In terms of implementing the declaration further, DMR was continuing to call on mining companies to desist from using retrenchments despite the challenges they were facing. As an example, working with the Commission for Conciliation, Mediation and Arbitration (CCMA) through processes embedded in section 189 of the Labour Relations Act (LRA) as well as section 52 of the MPRDA, the integration and streamlining of these had also yielded some positives in the form of avoiding potential duplication of work as all stakeholders were working to avert possible job losses.
The milestone plan was available but Mr Raphela said he would request the Committee to allow DMR to present this comprehensively next week including further details on the declaration.
On procedures in place for concurrent rehabilitation and what happened to leftover funds post-rehabilitation, Mr Raphela said that leftover funds were separated into a retained portion by DMR, for the residual impact of mining. In terms of DMR encouraging concurrent rehabilitation, he reminded the Committee that that was one of the areas that DMR was strengthening in its various legislative amendments since it had identified that rehabilitation was not taking place at the pace it was supposed to. Therefore for purposes of job retention or creation thereof, DMR together with its stakeholders had identified the use of concurrent rehabilitation as a job saver or creator.
Ms Setepane Mohale, Chief Director: Mineral Policy and Promotion, said that the set-up of concurrent rehabilitation was not like when one had a 30 year mining licence that translated to R20 million for the life of that mine. The calculation was calculated on a five-year cycle projection and therefore there was an in-built benefit for the mine itself to engage in concurrent rehabilitation as each year one was able to review the five-year allocation individually. Therefore concurrent rehabilitation was not only a stick, but there was an economic mechanism that made it worthwhile to engage in concurrent rehabilitation. That money was not only a portion held by DMR as there were three formats of payment for the financial provision one of which was the cash deposit. There was also the insurance approach as well as a financial guarantee. Certainly with the new provisions of the National Environmental Management Act (NEMA), DMR was definitely stemming the trend of derelict and onerous mines which were a concern to the Committee, especially with the residual amount held in trust and ensuring that the directors of mining companies could be held personally liable for any challenges to environmental rehabilitation.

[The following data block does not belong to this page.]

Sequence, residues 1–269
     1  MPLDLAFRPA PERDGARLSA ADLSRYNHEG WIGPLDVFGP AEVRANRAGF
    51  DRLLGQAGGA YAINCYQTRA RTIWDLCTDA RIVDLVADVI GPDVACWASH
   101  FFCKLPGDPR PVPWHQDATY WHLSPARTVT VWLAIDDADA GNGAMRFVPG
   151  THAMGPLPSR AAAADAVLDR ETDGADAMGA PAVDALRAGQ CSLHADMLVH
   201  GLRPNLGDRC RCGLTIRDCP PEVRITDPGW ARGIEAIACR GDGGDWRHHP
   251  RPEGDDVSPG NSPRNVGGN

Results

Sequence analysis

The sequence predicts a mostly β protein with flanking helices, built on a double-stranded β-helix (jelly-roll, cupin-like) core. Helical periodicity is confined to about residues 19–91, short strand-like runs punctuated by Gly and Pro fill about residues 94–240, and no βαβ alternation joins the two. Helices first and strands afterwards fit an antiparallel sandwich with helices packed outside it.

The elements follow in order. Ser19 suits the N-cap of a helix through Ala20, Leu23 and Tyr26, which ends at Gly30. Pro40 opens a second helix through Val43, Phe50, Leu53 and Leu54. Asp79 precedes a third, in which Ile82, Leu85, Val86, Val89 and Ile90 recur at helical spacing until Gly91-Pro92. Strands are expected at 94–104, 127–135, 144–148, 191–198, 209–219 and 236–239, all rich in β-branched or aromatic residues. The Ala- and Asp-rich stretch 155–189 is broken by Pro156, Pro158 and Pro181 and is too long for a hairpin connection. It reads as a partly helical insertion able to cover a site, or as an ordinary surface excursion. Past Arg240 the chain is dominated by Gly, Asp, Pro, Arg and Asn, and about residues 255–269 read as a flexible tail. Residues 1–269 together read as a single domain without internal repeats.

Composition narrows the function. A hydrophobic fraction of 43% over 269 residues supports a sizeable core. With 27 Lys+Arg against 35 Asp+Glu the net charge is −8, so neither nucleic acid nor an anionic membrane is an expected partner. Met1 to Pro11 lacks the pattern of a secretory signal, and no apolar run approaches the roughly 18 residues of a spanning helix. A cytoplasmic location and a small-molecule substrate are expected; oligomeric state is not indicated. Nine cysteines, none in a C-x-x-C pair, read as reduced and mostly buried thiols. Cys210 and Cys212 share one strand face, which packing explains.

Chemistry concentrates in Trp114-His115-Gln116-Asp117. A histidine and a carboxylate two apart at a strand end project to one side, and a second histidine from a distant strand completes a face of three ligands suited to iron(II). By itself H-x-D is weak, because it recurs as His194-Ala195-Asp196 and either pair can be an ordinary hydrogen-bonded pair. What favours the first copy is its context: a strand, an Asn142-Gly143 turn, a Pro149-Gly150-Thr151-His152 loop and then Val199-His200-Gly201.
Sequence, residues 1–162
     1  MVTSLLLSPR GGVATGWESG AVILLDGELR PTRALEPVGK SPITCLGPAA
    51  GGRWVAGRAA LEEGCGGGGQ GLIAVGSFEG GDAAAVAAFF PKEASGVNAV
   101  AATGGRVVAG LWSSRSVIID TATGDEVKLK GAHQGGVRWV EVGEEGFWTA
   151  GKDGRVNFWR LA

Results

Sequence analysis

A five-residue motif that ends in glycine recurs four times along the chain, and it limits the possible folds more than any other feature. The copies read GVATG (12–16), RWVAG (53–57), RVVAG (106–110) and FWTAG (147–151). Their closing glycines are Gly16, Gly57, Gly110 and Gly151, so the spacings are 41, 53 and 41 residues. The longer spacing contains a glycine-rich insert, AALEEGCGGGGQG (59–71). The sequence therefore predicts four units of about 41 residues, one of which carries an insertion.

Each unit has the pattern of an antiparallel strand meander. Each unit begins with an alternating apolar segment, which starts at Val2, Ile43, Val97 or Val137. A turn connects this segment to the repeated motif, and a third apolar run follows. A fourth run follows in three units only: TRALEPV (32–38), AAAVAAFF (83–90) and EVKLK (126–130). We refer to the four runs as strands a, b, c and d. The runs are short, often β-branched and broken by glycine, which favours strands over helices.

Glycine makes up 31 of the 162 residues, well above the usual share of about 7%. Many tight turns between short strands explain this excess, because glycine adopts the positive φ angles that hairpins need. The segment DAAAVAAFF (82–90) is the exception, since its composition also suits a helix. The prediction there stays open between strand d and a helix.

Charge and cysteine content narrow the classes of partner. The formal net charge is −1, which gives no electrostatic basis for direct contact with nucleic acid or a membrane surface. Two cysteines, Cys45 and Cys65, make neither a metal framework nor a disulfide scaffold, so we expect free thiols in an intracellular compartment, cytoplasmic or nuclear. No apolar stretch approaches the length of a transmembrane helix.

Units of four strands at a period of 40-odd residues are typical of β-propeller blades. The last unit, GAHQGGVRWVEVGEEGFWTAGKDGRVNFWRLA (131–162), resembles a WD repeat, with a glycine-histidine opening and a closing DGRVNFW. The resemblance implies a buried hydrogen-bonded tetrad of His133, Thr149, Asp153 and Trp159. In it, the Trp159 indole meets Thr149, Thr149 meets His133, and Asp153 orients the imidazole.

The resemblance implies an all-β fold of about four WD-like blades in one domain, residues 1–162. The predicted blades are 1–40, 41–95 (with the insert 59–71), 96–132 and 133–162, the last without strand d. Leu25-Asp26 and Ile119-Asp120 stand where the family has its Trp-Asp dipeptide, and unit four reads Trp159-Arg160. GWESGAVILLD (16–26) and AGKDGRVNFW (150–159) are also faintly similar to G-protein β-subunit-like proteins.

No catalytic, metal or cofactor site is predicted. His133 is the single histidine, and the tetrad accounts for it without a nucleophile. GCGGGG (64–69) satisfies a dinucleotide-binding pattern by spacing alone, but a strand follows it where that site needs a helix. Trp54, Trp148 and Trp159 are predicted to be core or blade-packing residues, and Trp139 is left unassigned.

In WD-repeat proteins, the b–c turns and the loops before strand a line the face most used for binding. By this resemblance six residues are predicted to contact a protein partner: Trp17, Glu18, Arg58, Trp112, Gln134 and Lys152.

Shale gas was definitely still seen as a game changer and part of the work of the Oceans Phakisa was it had to ensure that the legislative and regulatory environment would be conducive for investors. As the pricing game had changed, that had allowed DMR an opportunity to engage with citizens as well as the relevant technical skills to ensure that the regulations published in 2015 would be sound and sustainable in the long term. Applications had already been received and there were ongoing consultations to ensure that there was a good sense of community buy-in and that the regulations were quite robust.